After Phenomenology wants to engage more broadly with and dive more deeply into intellectual traditions that come after the Phenomenology of Spirit by Hegel. In short, the shadow of Hegel looms over our methods of thinking and reasoning. What does it truly mean to write after Phenomenology or to think post-phenomenologically?
This reading group aims to bring together an interdisciplinary group of scholars to read and discuss works in Asian American Studies. Topics include race relations, diasporic communities, and food culture.
This group offers a space for interdisciplinary study, discussion, and engagement on the prison and abolition, through the scholarly field of carceral studies and through the writings of prisoners themselves.
This reading group will meet roughly every other week to explore the historical and present-day relationship between law, the state, and the social category of childhood. We will place special emphasis on how notions of innocence and dependence regulate structures of citizenship, racial and sexual difference, carcerality, and political economy.
How should we tell the history of feminist thought, especially the controversial, American feminism of 1960 to 1980s? How profoundly do the “biological” resonances of terms like “generation,” “genealogy,” or even "waves" shape and delimit their conceptual possibilities as historiographical models? We cast these questions forwards and backwards, considering feminist thinkers of the 1960s and 1980s (especially the controversial case of Shulamith Firestone), contemporary scholars of queer kinship and reproductive technologies, and evolving historiographical methods for parsing feminist pasts.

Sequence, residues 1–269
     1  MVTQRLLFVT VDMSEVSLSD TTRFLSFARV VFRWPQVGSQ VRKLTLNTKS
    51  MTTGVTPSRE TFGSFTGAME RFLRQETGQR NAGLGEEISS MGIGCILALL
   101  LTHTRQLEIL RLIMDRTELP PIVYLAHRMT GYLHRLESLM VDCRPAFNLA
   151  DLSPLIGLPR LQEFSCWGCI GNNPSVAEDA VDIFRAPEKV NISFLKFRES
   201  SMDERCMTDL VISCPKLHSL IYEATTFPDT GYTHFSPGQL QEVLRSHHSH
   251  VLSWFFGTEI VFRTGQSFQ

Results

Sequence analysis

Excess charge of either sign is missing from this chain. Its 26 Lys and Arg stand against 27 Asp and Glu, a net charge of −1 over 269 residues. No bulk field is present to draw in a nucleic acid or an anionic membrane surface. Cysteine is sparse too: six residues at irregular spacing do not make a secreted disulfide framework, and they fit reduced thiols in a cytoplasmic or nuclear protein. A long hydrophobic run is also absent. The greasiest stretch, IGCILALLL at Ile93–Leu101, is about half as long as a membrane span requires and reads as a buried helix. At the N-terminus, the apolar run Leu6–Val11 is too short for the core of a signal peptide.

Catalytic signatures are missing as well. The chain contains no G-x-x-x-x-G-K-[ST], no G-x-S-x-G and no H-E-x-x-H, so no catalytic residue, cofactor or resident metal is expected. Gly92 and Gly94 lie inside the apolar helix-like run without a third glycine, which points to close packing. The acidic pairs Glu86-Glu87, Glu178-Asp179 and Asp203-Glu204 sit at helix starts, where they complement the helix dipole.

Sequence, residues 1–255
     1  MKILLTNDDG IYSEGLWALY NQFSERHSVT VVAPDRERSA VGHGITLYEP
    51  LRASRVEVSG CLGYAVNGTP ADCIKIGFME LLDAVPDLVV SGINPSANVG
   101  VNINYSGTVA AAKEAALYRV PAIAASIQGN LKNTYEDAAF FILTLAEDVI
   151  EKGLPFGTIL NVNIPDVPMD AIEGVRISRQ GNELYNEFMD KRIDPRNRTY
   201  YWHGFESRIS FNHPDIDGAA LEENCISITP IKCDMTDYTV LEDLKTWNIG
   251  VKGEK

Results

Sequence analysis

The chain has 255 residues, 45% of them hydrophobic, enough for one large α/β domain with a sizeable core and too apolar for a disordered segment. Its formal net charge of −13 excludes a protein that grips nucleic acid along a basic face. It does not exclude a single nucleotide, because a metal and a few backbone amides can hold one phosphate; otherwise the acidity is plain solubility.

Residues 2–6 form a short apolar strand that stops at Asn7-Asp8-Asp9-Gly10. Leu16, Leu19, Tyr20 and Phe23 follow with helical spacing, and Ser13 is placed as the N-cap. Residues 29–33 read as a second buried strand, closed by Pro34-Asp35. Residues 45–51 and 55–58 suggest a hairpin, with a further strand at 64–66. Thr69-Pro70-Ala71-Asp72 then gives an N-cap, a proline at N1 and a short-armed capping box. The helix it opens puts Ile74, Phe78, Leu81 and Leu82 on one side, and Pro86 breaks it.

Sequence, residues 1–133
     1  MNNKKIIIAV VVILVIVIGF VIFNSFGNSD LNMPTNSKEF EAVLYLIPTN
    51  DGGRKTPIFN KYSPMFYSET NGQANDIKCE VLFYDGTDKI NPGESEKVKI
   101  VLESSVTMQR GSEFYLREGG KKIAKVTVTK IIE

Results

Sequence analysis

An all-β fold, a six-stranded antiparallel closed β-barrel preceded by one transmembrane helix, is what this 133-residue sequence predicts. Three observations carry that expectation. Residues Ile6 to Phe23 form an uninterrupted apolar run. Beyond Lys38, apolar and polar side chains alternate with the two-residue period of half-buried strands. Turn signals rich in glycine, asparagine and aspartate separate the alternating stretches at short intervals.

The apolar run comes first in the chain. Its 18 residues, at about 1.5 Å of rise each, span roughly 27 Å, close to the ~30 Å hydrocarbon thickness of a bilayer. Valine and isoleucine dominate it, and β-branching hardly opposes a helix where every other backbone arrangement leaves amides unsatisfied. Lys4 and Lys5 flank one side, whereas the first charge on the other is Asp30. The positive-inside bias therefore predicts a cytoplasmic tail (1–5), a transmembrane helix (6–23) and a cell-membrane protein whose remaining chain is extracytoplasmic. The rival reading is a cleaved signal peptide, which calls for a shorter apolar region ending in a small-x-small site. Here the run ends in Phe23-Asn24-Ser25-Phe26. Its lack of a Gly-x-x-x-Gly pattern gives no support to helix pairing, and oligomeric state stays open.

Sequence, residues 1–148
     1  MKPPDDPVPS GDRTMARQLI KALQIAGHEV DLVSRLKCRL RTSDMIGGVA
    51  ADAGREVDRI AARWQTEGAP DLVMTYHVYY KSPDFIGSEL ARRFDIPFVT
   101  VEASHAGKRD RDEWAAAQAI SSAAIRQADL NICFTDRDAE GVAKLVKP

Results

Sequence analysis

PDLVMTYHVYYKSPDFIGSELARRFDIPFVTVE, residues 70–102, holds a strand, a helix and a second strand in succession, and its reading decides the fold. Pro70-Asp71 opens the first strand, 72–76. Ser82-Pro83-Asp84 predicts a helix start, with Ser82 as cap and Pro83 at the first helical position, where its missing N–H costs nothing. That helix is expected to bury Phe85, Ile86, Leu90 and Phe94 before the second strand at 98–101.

This reading group seeks to study the place and future of Islam in the modern world, while also placing modern Islamic thought and practice in conversation with liberalism and the various social, economic, and political challenges it poses to Islam and Muslims.
This group convenes virtually each month to discuss the love-hate relationship between Modernism and popular culture, exploring the topic across different European traditions and examining how high art and mass culture came together in places like the stadium, the comic book, and the textile industry.
The group will read the work of Manfredo Tafuri, paying particular attention to his conception of “operative history,” his translation of Marxism from critical theory to bear on architecture, and his depictions of architecture and capitalism.
This reading group brings together works of the most prominent scholars working on post- and decolonial theories